An Independent Colonial Judiciary’, a book outlining the history of the Bombay High Court during the British Raj from 1862 to 1947, was released by Chief Justice Mohit Shah at a function here.
Authored by advocate Abhinav Chandrachud, the book is a first of its kind publication which examines the background and lives of 83 judges who served at the Bombay High Court during the colonial era.
It also unravels the complex changes which took place in Indian society, legal profession, law and legal culture during that period.
The book was released by Bombay HC Chief Justice Mohit Shah here last week. The guests-of-honour included former judges of Supreme Court, Justice Sujata Manohar and Justice B N Srikrishna and Maharashtra’s former Advocate General Darius Khambata.
In 2012, the Bombay High Court celebrated 150th year of its existence. As one of three High Courts first set up in colonial India in 1862, it functioned as a court of original and appellate jurisdiction during the British Raj for over 80 years, occupying the topmost rung of the judicial hierarchy in the all-important Bombay Presidency.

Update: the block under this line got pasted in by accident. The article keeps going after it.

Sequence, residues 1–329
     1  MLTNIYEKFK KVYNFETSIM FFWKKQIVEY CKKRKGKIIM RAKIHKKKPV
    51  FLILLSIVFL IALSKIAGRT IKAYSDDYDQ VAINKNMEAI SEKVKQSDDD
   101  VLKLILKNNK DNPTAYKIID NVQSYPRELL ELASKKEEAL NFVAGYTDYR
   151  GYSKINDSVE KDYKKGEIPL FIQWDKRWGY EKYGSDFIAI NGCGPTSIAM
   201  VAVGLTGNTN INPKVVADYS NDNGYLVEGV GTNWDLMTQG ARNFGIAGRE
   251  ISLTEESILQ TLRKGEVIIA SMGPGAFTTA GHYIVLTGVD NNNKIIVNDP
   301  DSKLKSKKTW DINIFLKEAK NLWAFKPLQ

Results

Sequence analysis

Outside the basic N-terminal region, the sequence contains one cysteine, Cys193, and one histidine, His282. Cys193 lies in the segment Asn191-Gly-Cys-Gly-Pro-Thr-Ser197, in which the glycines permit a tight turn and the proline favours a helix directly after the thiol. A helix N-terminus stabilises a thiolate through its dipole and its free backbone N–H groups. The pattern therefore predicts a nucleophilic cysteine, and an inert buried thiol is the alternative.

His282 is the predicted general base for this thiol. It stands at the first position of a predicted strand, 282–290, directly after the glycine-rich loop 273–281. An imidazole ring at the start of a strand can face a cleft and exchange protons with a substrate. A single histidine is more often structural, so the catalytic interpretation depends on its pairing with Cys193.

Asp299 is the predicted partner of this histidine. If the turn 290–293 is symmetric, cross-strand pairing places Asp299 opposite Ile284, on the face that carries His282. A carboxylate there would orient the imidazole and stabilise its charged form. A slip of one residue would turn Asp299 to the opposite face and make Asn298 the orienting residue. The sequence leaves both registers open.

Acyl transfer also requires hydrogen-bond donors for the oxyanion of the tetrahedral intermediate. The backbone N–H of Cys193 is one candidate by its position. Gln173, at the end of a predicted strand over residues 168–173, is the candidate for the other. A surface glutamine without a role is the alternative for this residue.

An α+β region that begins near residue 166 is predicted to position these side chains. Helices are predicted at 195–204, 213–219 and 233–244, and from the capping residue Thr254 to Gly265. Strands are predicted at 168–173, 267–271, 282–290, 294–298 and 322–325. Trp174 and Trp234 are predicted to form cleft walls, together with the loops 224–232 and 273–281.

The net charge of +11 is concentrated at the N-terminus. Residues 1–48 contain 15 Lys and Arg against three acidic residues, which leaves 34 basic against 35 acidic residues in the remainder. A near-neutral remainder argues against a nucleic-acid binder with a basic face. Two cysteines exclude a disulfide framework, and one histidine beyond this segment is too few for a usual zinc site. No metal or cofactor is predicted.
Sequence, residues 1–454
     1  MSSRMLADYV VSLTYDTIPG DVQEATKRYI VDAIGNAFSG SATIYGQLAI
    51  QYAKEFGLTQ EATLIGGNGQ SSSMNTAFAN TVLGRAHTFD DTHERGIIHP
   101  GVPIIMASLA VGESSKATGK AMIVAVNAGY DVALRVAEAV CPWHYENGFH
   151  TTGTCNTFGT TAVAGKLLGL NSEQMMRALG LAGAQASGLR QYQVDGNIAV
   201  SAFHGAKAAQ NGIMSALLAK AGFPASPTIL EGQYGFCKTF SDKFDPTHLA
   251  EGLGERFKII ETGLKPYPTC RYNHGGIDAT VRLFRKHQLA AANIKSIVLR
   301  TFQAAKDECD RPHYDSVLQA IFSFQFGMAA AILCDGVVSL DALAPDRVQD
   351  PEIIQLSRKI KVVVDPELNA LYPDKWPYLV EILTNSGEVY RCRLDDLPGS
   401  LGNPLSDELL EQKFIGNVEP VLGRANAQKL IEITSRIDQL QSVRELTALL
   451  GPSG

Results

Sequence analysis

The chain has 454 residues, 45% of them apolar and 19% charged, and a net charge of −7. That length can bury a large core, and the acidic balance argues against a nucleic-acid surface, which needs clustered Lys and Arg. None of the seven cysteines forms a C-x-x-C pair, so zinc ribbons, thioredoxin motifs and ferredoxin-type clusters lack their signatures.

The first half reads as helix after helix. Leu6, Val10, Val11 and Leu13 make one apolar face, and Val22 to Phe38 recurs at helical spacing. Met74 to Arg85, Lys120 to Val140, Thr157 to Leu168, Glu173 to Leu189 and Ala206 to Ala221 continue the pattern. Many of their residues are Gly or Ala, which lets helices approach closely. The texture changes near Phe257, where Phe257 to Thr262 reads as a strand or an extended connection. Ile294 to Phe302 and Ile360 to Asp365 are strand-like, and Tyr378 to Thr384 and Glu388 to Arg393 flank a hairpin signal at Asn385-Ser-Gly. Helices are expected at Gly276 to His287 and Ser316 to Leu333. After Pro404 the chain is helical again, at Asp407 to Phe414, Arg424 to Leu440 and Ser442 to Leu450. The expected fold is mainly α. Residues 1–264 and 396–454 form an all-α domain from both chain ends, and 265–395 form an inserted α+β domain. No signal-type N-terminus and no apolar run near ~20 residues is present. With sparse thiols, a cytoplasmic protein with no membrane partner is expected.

Yet, remarkably little is known of how the court functioned during the colonial era.
Examining the backgrounds and lives of the 83 judges ? British and Indians ? who served at the Bombay High Court during the colonial era, and by exploring the court’s colonial past, the book attempts to understand why British colonial institutions like the Bombay HC flourished even after India became independent.
The author, Abhinav Chandrachud, practices as an advocate at the Bombay High Court. He is also the author of ‘The Informal Constitution: Unwritten Criteria in Selecting Judges for the Supreme Court of India’.
He is the son of Allahabad High Court Chief Justice Dr Dhananjay Chandrachud and grandson of former Chief Justice of India Y V Chandrachud.